Monday, March 07, 2016

Despite Strong Performances and Quality Score, Difficult Light/Dark Balance Makes 'Heathers' Musical Hard to Embrace -- Chicago Theater Review

Theater Review

Heathers: The Musical
Kokandy Productions
at Theater Wit
Thru April 24, 2016

It's likely that I arrived at Theater Wit for Heathers: The Musical with far less affinity for its source movie than many other patrons.

I have no particular disdain for the 1989 film, often referenced as a cult classic, but saw it once long ago and haven't given it much thought since.

Although I wouldn't have been able to recall many plot points prior to seeing them enacted onstage, I recognize that the black comedy has had a certain caché for the way it satirized high school subdivisions with a darkness far beyond the teenage challenges, popularity pecking order and insecurities depicted in John Hughes films.

With its titular clique of mean girls, Heathers has lent its name to the lexicon, denoting haughty and abrasive young women--or those simply perceived as such--who are paradoxically among the most popular and despised kids in high school.

Without meaning to give away specifics about the movie or the musical, Heathers wound up taking its depiction of high school hell to deadly extremes.

I can't recall my reaction to the film's body count, but at the time I saw it only the "I Don't Like Mondays" San Diego schoolyard killings years before could have possibly come to mind.

Sadly, we live in a different world now, and while it doesn't mean satire, dark comedy or even macabre fun is off limits as entertainment, fictional high school murders and massacres bring far graver connotations and recollections.

Certainly, those who initially developed Heathers into a musical--the music, lyrics and book are credited to Laurence O'Keefe and Kevin Murphy, while Andy Fickman originally directed it Off-Broadway in 2014--must have recognized the current landscape, and in the mock high school newspaper that cleverly serves as the program for Kokandy Productions' Chicago Premiere at Theater Wit, director James Beaudry writes eloquently about the delicate balance demanded in getting the tone right, today.

My admiration for the attempt is estimable, and there are many terrific aspects to this rendition of Heathers as a musical.

As Veronica Sawyer--a pretty but uncertain girl who joins the "Heathers," played by Winona Ryder in the movie--Courtney Mack is wonderful, both quite engagingly likable and well-sung.

Clad in primary colors, Jacquelyne Jones, Haley Jane Schafer and Rochelle Therrien do a good job in embodying the generally loathsome Heathers--surnamed Chandler, Duke and McNamara.

Chris Ballou well-handles the black trenchcoated Christian Slater role as J.D., Veronica's bad boy love interest, and among a high-spirited cast of 20, Teressa LaGamba makes for an empathetic Martha, Veronica's overweight and outcast best friend.

As I was hoping based on O'Keefe's previous scores for the Legally Blonde and Bat Boy musicals--both of which I very much like--there are several fine songs, including the opening "Beautiful," "Candy Store," "Dead Girl Walking," "Seventeen," "Shine a Light" and "My Kindergarten Boyfriend."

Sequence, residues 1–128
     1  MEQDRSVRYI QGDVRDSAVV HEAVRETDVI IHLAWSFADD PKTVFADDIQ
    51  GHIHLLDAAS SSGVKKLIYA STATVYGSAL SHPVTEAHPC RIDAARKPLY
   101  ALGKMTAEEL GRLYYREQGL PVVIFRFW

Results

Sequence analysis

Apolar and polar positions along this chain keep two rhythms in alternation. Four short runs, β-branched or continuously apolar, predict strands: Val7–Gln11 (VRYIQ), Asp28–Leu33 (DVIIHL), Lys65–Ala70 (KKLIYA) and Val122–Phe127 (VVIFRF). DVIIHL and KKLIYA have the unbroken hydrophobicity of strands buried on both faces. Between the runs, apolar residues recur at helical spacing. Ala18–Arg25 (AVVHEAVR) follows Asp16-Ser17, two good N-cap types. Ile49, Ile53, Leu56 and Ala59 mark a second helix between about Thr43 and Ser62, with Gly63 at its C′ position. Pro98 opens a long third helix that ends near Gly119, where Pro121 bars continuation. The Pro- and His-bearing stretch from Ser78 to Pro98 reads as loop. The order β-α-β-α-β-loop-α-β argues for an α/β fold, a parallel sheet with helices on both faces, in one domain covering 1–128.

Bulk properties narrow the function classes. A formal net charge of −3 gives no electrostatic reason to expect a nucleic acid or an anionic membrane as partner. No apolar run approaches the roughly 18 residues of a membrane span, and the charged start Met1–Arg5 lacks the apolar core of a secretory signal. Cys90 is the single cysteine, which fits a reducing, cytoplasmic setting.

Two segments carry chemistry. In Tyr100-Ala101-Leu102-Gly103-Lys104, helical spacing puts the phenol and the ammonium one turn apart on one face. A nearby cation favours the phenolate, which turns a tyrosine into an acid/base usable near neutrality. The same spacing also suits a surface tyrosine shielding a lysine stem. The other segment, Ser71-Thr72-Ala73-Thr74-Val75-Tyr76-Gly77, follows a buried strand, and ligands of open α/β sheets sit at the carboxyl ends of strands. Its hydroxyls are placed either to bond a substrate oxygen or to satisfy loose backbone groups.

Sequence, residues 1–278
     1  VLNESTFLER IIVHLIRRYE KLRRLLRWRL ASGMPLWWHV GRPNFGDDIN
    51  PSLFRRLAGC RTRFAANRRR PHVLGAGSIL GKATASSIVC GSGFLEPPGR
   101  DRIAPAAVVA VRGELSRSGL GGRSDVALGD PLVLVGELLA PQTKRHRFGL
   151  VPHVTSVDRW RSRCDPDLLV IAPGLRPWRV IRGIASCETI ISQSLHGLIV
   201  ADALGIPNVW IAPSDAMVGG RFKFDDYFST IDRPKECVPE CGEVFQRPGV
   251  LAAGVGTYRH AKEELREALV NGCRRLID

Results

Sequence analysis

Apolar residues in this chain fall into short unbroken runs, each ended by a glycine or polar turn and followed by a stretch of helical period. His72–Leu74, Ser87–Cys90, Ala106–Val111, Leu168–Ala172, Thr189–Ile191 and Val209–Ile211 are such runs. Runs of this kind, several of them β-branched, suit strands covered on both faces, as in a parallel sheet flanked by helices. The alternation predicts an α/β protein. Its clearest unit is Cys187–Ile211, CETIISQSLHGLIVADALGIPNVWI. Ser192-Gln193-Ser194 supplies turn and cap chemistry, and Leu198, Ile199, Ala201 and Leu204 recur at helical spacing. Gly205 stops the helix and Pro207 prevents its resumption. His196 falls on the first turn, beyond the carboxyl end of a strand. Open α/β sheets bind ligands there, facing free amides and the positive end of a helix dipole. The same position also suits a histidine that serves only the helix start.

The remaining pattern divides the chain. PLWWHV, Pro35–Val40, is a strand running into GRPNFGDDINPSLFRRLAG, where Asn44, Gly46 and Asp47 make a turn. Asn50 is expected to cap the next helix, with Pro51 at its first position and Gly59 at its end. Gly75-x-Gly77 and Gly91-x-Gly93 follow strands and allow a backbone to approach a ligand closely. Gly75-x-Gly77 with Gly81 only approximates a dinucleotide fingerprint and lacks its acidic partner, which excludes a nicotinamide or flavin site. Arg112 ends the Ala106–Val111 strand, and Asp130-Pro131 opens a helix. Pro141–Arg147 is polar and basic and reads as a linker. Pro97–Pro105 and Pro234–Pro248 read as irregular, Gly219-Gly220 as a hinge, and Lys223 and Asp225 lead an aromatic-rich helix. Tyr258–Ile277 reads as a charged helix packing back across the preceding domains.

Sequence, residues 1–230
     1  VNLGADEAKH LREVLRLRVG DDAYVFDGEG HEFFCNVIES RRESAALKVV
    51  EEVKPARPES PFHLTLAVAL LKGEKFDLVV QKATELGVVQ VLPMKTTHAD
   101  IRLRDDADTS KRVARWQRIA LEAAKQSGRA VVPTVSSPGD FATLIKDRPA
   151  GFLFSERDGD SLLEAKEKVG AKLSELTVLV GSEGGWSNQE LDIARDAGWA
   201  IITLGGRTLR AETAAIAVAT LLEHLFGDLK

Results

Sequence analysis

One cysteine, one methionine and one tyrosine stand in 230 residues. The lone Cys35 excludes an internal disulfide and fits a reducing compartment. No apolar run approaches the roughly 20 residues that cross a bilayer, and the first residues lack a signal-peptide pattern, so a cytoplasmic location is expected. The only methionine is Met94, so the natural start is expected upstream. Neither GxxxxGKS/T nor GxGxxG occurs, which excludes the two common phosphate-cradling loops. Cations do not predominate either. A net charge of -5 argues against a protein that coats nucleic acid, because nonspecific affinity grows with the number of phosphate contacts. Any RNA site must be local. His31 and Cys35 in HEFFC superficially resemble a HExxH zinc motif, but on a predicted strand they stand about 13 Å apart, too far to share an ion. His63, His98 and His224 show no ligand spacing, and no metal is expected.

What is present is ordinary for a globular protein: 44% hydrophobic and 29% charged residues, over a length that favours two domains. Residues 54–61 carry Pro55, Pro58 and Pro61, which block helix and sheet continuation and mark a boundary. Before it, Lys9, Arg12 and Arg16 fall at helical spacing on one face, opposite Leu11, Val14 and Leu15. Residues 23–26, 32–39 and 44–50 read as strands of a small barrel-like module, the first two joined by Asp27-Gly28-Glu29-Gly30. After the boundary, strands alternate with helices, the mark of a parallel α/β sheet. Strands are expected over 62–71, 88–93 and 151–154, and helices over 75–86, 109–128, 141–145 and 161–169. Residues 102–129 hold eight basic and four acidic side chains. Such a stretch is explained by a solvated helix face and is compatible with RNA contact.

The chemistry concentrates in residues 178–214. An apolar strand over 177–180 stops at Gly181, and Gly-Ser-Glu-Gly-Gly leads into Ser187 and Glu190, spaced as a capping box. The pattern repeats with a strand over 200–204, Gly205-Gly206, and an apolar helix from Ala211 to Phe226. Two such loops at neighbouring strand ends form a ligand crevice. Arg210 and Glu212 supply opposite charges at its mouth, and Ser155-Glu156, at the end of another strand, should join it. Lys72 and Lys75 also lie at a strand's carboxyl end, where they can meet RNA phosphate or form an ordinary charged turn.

In this high school musical, a couple numbers are too sophomoric, a song called "My Dead Gay Son" works musically but still made me cringe, and sonic references to Queen's "We Will Rock You," Peter Gabriel's "Big Time" and Carl Douglas' "Kung Fu Fighting" felt more derivative than simply sly homages.

But with the songs largely being upbeat, with a fair amount of ebullience mixed with insight and even poignancy, the dark turn the storyline takes--in essentially following the movie, per Wikipedia and reviews of past productions--forces a balance I found discomfiting.

I realize that the musical's creators likely needed to stay true to the movie's narrative, and I don't think I'm so squeamish as to dismiss macabre subject matter as automatically out-of-bounds.

My fondness for Ride the Cyclone last year at Chicago Shakespeare Theater suggests that I'm capable of being entirely charmed by young-skewing musicals with a unsettling share of teenage morbidity.

And while I can't say I found Heathers to be as enjoyable as I wanted, I believe director Beaudry, choreographer Sawyer Smith, music director Kory Danielson and the fine cast led by Mack and Ballou have done everything in their power to leverage the script and songs as best they could.

My critique is about my overall experience in viewing Heathers onstage, but there is little I can fault about this particular production.

As a musical, and maybe even more so within this staging, Heathers has a lot going for it--including a fantastic slow-motion fight scene, fine singing throughout, a rocking score and more--and it's quite possible teens, twenty-somethings and those a bit older who have long-favored the film will find much to like.

I did, but ultimately had a hard time tapping my toes amid tales of teens being murdered, as off-putting as the victims might have been.

And while every musical need not be a toe-tapping good time to be terrific, the calibration between light and dark in Heathers onstage just felt like too much of a misfit.

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